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This is a box. These are two…

Steven Fry’s recent documentary series, Fry’s Planet Word, included a segment where Jean Berko-Gleason, who published a landmark research paper way back in 1958, ran the same test with a modern-day child. A couple of people that I spoke to about the programme mentioned that they weren’t quite clear exactly what the point of the test was. So I thought for today’s blog it might be interesting to explore this classic study, its findings, and what it tells us about children’s language.

The test goes something like this. The researcher shows the picture a child of a funny-looking creature and says “this is a wug“. The word wug, like the creature itself, is completely made-up; invented for the purposes of the experiment. The experimenter then brings out a new picture that shows two of these creatures and says to the child “so these are two…”. Even young children (the youngest in this study were 4 years old) are generally able to correctly answer “wugs”.

What’s the point of this study? One of the most fundamental rules of English is that to make the plural of a noun (which, for our purposes, we can think of as simply a word that names a person, animal or thing) we add an -s. Whilst, from an adult perspective, this rule seems almost too obvious to be worth discussing, it’s actually quite remarkable how quickly children pick this up. No parent goes around saying “now Johnny, to form the plural of a noun, simply add -s to the singular form”; not that children would understand if they did. Somehow, children work this out all by themselves, many years before they are taught about “nouns” and “plurals” (indeed, many people are never taught explicitly about these things).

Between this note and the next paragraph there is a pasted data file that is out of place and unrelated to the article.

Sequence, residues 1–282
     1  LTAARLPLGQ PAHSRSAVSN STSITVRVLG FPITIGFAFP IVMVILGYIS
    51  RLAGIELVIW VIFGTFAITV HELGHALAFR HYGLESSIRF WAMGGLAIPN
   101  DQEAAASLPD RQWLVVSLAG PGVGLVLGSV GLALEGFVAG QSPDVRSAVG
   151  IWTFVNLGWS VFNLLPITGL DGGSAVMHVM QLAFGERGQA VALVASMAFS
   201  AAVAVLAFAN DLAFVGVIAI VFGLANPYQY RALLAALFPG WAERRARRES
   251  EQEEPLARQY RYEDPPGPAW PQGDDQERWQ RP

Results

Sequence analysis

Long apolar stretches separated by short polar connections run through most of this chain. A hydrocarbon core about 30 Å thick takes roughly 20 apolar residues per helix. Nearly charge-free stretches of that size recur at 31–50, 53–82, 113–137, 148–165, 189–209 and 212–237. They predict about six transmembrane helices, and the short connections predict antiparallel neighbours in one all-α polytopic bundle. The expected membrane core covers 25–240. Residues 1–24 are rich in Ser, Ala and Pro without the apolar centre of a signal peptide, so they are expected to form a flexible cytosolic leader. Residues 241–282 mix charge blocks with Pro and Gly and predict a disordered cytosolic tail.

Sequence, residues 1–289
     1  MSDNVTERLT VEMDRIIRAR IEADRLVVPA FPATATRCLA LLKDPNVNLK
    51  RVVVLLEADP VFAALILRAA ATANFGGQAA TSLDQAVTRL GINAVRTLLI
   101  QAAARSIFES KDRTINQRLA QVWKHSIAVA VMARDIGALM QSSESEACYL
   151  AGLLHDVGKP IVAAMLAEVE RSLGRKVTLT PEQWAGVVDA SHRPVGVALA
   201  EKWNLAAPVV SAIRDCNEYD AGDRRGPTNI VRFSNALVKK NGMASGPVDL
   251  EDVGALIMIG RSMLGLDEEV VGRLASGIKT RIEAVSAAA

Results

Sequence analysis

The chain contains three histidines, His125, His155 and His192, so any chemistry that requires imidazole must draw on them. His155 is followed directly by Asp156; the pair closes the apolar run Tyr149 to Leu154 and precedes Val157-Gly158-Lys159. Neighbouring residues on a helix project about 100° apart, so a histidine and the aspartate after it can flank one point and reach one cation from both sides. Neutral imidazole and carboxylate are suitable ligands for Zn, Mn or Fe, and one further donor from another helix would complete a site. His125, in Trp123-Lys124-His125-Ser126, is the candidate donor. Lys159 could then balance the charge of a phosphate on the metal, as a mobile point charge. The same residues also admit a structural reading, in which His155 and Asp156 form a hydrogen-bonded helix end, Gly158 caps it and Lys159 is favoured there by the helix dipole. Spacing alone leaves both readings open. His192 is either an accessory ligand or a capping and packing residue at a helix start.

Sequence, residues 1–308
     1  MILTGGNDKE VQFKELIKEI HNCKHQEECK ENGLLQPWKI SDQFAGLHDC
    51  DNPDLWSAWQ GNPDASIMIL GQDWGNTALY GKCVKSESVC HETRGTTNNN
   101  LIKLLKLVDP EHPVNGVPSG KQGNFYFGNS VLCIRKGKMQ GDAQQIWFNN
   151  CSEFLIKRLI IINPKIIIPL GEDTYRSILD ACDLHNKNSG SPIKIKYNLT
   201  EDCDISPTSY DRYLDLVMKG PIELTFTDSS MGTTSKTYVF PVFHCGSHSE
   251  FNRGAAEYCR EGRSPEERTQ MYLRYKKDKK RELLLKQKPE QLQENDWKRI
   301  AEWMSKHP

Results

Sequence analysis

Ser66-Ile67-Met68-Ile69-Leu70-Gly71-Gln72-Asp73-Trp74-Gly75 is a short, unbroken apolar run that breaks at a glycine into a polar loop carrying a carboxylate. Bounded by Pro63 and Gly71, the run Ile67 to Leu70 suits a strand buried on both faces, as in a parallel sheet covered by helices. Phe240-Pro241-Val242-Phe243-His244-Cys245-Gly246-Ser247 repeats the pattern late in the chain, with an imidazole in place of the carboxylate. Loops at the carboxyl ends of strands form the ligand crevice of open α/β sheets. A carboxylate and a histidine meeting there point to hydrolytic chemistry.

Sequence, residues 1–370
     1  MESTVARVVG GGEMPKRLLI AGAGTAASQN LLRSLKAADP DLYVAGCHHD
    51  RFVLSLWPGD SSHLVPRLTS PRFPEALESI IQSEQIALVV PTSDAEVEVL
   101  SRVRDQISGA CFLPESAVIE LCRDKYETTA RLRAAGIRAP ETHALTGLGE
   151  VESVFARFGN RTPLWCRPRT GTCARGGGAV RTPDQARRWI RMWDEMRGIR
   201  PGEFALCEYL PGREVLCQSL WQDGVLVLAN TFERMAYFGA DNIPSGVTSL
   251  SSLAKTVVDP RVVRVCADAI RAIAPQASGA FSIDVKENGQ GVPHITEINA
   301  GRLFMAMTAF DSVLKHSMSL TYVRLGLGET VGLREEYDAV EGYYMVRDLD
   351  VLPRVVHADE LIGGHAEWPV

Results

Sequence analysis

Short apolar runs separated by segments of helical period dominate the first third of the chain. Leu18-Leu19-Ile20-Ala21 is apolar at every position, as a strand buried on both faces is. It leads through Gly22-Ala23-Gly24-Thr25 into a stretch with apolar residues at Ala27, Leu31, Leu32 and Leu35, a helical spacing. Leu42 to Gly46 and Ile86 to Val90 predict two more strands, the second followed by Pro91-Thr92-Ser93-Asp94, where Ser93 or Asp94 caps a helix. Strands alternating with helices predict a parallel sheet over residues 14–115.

But what’s the point of all this wug business? Why didn’t Berko (as she was back then) simply ask children for the plural of cat, dog, chair, table etc? The reason is that if a child is able to say “two cats”, this doesn’t actually provide any evidence that she’s learned the ‘add -s’ rule at all. She may simply have learned, by listening to adults, that cats is the word we use when there’s more than one. In contrast, the child cannot possibly have learned the plural form wugs by listening to adults, as we can say with complete confidence that no adult has ever uttered this word in her presence; it was invented solely for the purposes of the experiment. So if the child can correctly produce wugs, we can tell that she has – somehow -arrived at the ‘add -s‘ rule.

As you have probably noticed by listening to your own children, once they have acquired this rule, they tend to go overboard, adding -s to all kinds of words that actually have different plural forms (e.g., childs, foots and mouses instead of children, feet and mice). These types of errors have been studied extensively in child language research, and it is no exaggeration to say that they could easily fill a book on their own. However, we’ll save these for another blog, as today I want to focus on errors where children go underboard, failing to add -s in cases where they should do, despite the fact that they seem to know the rule perfectly well.